We internalized this self-hatred, and by our tween and teen years we were dieting ourselves — even though we were still growing, still developing, and had no real reason to already hate our bodies. By our 20s we were fully convinced that any “fat” on our bodies was disgusting and we must work tirelessly to rid ourselves of it — at any cost. We’d been exhausted our whole adolescence and early adult life by the refusal, the inability, to just love ourselves … just as our mothers had been.
But something happened in recent years, didn’t it? Women started talking about body positivity and the winds changed. The conversation changed. We started giving each other permission, giving ourselves permission, to accept — even to love — the skin we were in. We felt liberated by realizing something that, as young girls, we didn’t even know was possible.
And we realized that this was what we wanted for our girls.
So when my daughter came into this world, I made her this promise, this commitment, after a lifetime of self-criticism, a lifetime of never just simply accepting, appreciating, cherishing the one body I was going to be given. I promised her that I would work every day of her life on loving myself, so that she would love her beautiful self too.
Here we are in January again, the time of year when “diets” and “weight loss” become buzz words more than any other season as people across the globe vow to “get healthy” as their New Year’s Resolution. Knowing that, let’s keep a few important things in mind. For one, skinny does not necessarily equal healthy. There are lots of skinny people out there who are healthy, and lots of skinny people out there who are sick. The same goes for all other body types as well.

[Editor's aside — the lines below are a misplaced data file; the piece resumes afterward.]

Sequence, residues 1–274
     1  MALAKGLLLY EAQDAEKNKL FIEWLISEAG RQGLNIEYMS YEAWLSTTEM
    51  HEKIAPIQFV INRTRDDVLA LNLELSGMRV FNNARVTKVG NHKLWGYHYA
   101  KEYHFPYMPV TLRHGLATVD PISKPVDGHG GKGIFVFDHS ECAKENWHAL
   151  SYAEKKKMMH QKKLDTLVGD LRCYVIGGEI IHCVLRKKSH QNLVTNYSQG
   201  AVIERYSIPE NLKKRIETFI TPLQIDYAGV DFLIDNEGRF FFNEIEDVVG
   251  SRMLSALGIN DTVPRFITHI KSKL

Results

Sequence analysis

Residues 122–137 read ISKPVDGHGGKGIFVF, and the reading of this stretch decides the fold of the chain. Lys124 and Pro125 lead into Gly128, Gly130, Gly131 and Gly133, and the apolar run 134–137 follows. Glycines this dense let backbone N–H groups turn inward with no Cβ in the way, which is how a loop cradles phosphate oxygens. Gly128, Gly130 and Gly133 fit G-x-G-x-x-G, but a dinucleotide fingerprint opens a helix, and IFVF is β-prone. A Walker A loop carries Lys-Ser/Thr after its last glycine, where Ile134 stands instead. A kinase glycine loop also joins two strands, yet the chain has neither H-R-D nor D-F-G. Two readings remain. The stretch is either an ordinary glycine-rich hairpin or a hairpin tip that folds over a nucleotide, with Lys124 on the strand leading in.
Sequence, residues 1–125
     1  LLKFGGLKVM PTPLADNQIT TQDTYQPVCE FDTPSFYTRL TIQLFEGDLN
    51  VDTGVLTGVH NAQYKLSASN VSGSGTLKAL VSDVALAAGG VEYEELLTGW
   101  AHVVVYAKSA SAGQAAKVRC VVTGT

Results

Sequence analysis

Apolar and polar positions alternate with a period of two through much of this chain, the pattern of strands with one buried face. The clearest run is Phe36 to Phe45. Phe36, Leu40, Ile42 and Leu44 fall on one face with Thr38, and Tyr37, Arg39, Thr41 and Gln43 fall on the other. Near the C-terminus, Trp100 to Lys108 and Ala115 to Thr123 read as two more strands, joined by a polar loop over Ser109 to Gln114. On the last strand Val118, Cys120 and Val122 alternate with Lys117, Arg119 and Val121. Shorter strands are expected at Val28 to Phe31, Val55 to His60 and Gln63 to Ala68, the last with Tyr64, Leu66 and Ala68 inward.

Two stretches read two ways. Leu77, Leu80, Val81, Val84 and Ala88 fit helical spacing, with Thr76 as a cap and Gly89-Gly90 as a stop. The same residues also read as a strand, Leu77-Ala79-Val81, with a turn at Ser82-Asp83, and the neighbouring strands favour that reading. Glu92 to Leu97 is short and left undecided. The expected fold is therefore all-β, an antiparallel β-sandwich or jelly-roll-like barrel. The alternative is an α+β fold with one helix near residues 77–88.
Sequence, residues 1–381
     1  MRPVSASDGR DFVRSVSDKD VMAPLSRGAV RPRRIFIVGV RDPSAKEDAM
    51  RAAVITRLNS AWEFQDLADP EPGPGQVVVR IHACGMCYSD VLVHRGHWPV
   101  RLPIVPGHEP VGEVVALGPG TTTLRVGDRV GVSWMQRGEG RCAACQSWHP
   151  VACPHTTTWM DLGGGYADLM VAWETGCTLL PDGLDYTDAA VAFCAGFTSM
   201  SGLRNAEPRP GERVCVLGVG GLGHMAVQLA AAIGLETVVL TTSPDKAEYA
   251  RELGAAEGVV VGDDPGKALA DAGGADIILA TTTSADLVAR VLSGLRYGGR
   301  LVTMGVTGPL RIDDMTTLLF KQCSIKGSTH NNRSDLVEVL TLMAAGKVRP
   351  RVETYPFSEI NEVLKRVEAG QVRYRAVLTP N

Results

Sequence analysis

Secondly, there are a slew of other ways we can frame “getting healthy” in front of our kids that don’t involve the number on a scale or the number on the tag of our jeans. Because do either of those numbers really determine our health? How about setting goals to work out harder, get stronger, run longer distances, eat more vegetables, drink more water, cook more healthy, balanced meals, practice meditation, see a therapist about anxiety … these are ways to measure if we’re getting “healthier” this year that don’t involve the scale, and these are the types of goals our kids should hear us talking about —not depriving ourselves of food or watching the calorie counter on the treadmill or doing daily weigh-in checks.
Because here’s the truth, moms. It’s on us. It’s on us to love ourselves so our girls grow up learning to love themselves too. Picture them living with that same self-loathing we have battled all our lives. Doesn’t your heart break? Now imagine them living a lifetime of freedom from that burden. A lifetime without that dark cloud over their head, that evil voice relentlessly whispering “You’re not enough. You’re not skinny enough. You’re not ____ enough. You’ll never be enough.”
Imagine if our girls look in the mirror and see how beautiful they are and believe it — in whatever body is looking back at them. Imagine how empowered they’ll be.
That is our job. That is our mission. So my daughter and I are heading into the new year by going for a run together, talking about whatever she wants to talk about that’s rattling around in her tween brain, and coming home to bake cookies that we’ll enjoy as a family.
Because that is what “healthy” looks like to us.